Learning Radiology xray montage


  • Mixture of fat and blood in joint capsule following trauma
  • Lipohemarthroses occur in approximately 40% of all intra-articular fractures of the knee
  • May take up to 3 hours after trauma to appear
    • Gravity and a period of rest are needed to depict fluid-fluid layer which is characteristic of lipohemarthrosis
  • Fat and blood enter joint from marrow space through an osteochondral defect at articular surface of joint
    • Fat is less dense than blood so fat floats on the surface with the heavier, denser blood beneath it
    • Can only be seen with a horizontal x-ray beam (beam is parallel to the floor)
  • CT and MRI have been used to diagnose lipohemarthrosis
    • Also to identify occult fractures not detected by radiography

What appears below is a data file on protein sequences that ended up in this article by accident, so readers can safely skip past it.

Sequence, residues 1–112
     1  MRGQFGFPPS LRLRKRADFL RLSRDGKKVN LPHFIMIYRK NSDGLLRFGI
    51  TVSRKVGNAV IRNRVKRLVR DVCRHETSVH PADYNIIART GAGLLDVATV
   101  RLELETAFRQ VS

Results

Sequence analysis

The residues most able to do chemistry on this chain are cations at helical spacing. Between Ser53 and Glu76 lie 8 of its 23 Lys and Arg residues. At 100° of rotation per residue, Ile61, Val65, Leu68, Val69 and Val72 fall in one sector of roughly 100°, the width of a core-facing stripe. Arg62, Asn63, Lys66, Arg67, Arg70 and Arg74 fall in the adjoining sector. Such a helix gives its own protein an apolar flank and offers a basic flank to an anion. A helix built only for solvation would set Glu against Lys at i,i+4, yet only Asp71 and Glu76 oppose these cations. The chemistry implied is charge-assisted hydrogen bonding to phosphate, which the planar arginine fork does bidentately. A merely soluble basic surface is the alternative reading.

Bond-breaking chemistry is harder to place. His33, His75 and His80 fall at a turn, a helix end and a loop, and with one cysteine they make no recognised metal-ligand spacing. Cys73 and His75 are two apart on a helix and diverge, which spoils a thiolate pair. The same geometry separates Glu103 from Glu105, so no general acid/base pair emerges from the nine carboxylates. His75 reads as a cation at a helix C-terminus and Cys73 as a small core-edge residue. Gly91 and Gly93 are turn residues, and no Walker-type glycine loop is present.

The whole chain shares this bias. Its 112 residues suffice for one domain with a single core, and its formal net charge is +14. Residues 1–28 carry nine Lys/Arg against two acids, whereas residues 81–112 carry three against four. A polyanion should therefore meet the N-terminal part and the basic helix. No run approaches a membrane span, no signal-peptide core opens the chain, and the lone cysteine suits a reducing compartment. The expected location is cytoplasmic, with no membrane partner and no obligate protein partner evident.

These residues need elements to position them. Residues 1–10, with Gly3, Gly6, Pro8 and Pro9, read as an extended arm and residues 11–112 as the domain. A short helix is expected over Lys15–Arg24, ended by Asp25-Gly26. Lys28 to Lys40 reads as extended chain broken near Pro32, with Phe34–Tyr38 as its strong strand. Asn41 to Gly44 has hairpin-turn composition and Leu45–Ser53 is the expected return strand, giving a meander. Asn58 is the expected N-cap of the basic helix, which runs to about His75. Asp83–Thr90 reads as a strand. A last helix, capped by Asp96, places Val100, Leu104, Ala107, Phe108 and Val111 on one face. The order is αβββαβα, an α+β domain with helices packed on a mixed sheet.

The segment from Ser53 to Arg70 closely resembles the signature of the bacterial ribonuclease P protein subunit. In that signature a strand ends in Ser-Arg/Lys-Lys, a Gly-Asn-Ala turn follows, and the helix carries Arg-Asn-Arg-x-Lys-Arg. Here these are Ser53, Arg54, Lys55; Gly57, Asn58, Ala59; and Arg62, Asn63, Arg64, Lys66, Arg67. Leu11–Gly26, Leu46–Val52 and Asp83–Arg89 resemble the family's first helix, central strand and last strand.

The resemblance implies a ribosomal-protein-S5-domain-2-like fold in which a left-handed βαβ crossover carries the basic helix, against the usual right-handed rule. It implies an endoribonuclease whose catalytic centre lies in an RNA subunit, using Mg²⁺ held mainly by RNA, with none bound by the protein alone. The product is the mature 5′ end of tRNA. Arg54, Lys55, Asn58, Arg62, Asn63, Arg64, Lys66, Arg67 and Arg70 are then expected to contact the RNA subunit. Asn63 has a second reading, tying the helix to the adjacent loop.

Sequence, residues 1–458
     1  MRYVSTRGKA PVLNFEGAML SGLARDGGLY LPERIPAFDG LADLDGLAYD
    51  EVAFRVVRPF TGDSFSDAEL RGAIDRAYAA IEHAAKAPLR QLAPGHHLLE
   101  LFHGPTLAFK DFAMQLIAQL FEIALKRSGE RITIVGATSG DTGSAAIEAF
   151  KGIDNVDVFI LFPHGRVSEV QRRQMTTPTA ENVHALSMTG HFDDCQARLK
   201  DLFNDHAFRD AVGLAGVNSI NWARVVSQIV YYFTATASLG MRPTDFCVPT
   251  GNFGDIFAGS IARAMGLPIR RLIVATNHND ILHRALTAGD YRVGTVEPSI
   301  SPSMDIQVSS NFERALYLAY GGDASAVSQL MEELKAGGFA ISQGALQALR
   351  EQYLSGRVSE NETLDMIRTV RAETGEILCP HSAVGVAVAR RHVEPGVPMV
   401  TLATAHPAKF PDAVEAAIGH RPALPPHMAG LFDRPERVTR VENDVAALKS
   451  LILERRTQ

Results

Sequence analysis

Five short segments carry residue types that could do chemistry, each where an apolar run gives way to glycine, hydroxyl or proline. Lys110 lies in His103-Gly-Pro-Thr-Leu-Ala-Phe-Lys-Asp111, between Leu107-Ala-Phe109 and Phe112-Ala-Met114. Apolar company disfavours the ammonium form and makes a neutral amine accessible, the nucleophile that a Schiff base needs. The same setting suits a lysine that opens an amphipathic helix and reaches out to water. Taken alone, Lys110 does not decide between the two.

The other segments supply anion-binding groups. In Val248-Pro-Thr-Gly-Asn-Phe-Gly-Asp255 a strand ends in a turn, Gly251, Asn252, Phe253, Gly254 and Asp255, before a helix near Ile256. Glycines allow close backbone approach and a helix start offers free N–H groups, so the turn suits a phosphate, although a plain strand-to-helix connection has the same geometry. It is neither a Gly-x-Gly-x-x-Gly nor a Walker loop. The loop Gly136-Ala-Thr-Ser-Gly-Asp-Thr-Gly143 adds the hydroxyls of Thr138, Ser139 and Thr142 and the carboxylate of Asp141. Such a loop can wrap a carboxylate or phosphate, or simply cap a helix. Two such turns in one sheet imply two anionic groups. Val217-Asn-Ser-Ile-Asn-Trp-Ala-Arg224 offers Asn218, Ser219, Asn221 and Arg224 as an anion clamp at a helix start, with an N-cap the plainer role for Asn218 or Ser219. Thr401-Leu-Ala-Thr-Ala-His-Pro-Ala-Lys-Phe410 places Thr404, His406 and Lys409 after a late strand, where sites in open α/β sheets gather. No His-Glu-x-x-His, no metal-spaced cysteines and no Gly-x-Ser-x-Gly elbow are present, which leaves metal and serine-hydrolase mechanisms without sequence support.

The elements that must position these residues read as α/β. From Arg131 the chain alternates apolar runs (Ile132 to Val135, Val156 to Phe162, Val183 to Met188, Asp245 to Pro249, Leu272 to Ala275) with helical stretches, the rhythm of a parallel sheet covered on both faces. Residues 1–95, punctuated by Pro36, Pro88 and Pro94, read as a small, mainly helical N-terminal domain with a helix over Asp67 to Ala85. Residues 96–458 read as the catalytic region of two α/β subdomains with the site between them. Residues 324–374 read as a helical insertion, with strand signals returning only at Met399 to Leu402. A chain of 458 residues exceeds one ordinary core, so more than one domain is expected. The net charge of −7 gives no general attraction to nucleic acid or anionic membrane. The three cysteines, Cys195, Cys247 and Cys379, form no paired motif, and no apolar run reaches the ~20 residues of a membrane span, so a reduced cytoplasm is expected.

• Lipohemarthrosis is not seen in all cases of intracapsular fracture
    • Presence of a fat-fluid level is nearly diagnostic of a fracture, even when that fracture is radiographically occult

  • Knee joint

    • Most commonly, lipohemarthroses are produced with minimally displaced fractures of the tibial plateau
    • Since cross-table lateral views of the knee in which the x-ray beam is horizontal are commonly performed in trauma patients, lipohemarthroses are more commonly seen with this joint
  • Three bands can normally be distinguished

    • The top band consists of fatty material
    • The next band below is composed of serum and serous joint effusion
    • Cellular parts of blood, i.e., erythrocytes and leukocytes settle to the bottom layer due to gravity

Lipohemarthosis. Upper image shows fat floating atop blood in the knee joint;
the lower image demonstrates a markedly comminuted fracture of the proximal tibia (white arrows) from which the marrow entered the joint


The CT, MRI, and Radiographic Appearance of Lipohemarthrosis Sorenson SM, Wolfson K, Gentili A, Masih S, Seeger LL   UCLA School of Medicine  AJR On-Line

  Lipohemarthrosis of the knee: specific imaging findings  Christoph Schick · Martin G. Mack · Ingo Marzi · Thomas J. Vogl  European Radiology